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Literature: Beetle in the Anthill
Beetle in the Anthill (Russian: "Жук в муравейнике") is the ninth and penultimate novel by the Strugatsky Brothers to be set in the Noon Universe.

More or less a direct sequel to Inhabited Island. Maxim, now older and more cynical, is assigned to track down a progressor named Leo Abalkin who may be an instrument of the Wanderers' plot. While his boss views the progressor as a threat, our hero becomes increasingly ambivalent.

Tropes found in the novel:

  • Break the Cutie: Leo Abalkin's past.
  • Broken Aesop: According to Word of God, the moral was meant to be somewhat along the lines of "even the best intentioned of Secret Service type agencies will naturally commit horrible acts purely due to the paranoia that is Inherent in the System" (comparable to how risk of crippling injury is inherent to most sports).
  • Chameleon Camouflage: Deconstructed when Abalkin explores a deserted planet, equipped with a suit that is supposed to give him whole-body Chameleon Camouflage. However, it malfunctions and doesn't actually do anything, so Abalkin takes off his helm for better vision. Then, just as he encounters the local Human Aliens, the suit suddenly powers up and presents him as a floating head, scaring the shit out of the locals (to the point where they open fire).
  • Chickification: Maya Glumova, who was fairly confident, outgoing, assertive and fiercely independent in Little One is basically reduced to Abalkin's Designated Love Interest in this novel.
  • Crapsack World / Ruins of the Modern Age / Scavenger World : The ironically codenamed planet "Hope", home to a Human Aliens civilization that turned the enviromental pollution of their homeworld Up to Eleven
  • Creepy Child - Abalkin, though it's not his fault - see Break the Cutie).
  • Deadpan Snarker : Many of the characters, including Kammerer and Abalkin.
  • First-Person Smartass : Maxim Kammerer. A bit justified, since he's the narrator of this installment
  • Foreshadowing - the last entry in Abalkin's journal ends with his cloak system suddenly starting to work, and then "The nerves of the locals snap and they start shooting...". Guess what happens then in the actual story.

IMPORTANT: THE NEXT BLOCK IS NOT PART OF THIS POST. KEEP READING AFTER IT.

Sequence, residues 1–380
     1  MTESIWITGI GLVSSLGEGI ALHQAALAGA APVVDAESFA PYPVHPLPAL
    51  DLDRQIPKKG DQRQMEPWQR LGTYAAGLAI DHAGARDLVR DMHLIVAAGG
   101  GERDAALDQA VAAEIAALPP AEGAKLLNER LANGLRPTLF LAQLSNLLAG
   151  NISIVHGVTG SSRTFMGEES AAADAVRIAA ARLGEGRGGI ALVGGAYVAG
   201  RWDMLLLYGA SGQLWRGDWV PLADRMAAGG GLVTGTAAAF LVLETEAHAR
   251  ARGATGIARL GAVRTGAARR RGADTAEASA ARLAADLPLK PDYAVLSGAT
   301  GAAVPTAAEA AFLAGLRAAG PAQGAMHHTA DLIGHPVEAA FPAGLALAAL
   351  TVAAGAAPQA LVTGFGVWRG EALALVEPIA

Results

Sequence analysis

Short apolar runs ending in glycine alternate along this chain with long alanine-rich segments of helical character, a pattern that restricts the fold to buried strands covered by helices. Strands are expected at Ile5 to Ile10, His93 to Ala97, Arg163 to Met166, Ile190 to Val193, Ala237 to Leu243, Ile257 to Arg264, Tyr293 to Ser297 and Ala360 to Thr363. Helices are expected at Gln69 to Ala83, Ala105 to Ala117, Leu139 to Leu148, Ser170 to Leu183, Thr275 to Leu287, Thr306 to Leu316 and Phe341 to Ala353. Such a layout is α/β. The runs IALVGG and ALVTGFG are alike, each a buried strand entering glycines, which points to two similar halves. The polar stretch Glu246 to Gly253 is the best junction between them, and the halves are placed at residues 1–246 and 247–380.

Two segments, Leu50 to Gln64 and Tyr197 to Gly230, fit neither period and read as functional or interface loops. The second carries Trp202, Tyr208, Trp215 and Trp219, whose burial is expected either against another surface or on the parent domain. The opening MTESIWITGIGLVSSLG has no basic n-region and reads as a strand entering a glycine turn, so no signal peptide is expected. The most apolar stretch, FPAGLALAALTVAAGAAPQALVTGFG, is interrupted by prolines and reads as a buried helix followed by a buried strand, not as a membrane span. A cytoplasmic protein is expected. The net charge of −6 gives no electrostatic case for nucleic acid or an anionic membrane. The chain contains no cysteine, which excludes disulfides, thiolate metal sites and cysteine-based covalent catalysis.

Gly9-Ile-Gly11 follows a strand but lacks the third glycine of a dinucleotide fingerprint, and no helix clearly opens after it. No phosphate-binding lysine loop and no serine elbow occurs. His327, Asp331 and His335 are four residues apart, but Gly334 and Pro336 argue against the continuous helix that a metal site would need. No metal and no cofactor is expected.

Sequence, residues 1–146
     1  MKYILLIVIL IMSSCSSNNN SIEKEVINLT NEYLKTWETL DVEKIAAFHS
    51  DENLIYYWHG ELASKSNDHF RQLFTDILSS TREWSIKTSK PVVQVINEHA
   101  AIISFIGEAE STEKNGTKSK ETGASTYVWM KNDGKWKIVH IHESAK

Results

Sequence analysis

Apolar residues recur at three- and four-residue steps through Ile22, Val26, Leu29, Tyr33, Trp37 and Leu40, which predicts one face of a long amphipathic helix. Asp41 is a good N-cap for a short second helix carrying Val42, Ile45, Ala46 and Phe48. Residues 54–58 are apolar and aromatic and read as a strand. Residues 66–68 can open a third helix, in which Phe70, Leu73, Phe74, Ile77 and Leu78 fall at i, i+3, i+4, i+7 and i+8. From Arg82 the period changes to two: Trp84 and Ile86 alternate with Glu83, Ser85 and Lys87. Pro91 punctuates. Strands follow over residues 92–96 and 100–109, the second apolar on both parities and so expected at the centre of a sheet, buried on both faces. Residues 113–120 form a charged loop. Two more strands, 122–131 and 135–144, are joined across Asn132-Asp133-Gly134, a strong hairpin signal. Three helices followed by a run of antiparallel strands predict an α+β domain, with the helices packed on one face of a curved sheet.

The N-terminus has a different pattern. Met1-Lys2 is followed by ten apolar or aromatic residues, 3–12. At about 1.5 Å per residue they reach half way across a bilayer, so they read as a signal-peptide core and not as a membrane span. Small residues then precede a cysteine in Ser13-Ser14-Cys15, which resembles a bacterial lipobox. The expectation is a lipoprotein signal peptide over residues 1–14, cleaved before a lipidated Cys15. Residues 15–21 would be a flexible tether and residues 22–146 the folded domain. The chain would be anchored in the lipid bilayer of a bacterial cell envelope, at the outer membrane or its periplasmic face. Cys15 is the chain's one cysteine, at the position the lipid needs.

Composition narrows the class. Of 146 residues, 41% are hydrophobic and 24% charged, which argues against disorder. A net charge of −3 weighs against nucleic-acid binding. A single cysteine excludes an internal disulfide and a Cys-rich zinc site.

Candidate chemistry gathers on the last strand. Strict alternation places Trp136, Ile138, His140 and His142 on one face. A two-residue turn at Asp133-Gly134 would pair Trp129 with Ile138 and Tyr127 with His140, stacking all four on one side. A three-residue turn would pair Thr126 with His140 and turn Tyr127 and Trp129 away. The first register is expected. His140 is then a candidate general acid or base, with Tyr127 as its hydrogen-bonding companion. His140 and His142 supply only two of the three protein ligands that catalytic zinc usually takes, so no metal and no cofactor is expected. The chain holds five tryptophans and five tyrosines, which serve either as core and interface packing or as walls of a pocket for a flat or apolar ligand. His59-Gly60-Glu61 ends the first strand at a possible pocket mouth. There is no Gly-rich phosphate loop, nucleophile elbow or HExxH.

• Homeworld Evacuation: The scientists suspect (with good reasons) that this is what the Wanderers did to the natives of Hope, although their motivations are entirely unclear. As is par for the course whenever the Wanderers are supposed to be involved in something in the Noon Universe, quite a few of the scientists and virtually all of the COMCON-2 (the agency Maxim is a member of) representatives believe that the truth about the evacuation is much darker - although there is no hard evidence for that. On the other hand, the section describing the mission to Hope is written in a mildly horroresque style: the whole planet seems to be a rather weird place with things that should not have occured like that or even be there. This is possibly due to the Wanderers' involvement.
  • I Did What I Had to Do
  • Maybe Magic, Maybe Mundane - the Detonators (they DO have strange properties, but how much is a unclear - and the Morality of story depends on that).
  • Monster Clown : The enigmatic human-looking child snatchers on Hope. They are believed to be agents of the Wanderers, working to catch the children of Hope's small remaining population.
  • Neglectful Precursors : The possible motives of the Wanderers start becoming somewhat clearer in this installment of the series.
  • Noodle Incident: The "Massachusetts Nightmare" they mention. There are some hints on its nature dropped throughout the story though. Namely the creation of a "new, non-human civilization on earth".
    • Also, there's mention of a "Captain Nemo" who seems to use bioreactors for something.
  • Screw This, I'm Outta Here!: The Tagorans' (insectoid allies of humanity) reaction to the fact that the humans, unlike them, decided to let the embryos in their sarcophagus mature. They evacuate all their personnel from Earth and every planet with humans on it, expel all humans from their homeworld, and break off contact for 25 years.
  • Show Within a Show: Abalkin's old notes about his reconnaissance mission with Shchekn in a hauntingly desolate city on Hope
  • Sitcom Arch-Nemesis: Isaac Bromberg to Rudolf Sikorsky.
  • Snarky Non-Human Sidekick : Shchekn Itrch, the Golovan co-worker of Abalkin
  • The Unreveal: Beetle in an Anthill is full of Unreveals. The biggest one is Abalkin's true nature.
  • Tyke Bomb: Leo Abalkin. Or is he?
  • Vitriolic Best Buds : Shchekn and Abalkin
  • What the Hell, Hero?: Schekn's renouncement of Abalkin, from Kammerer's perspective.

Baba YagaRussian LiteratureBeyond the Dawn
BeatlesLiterature of the 1980sBehind the Attic Wall
Battlefield EarthScience Fiction LiteratureBeggars in Spain

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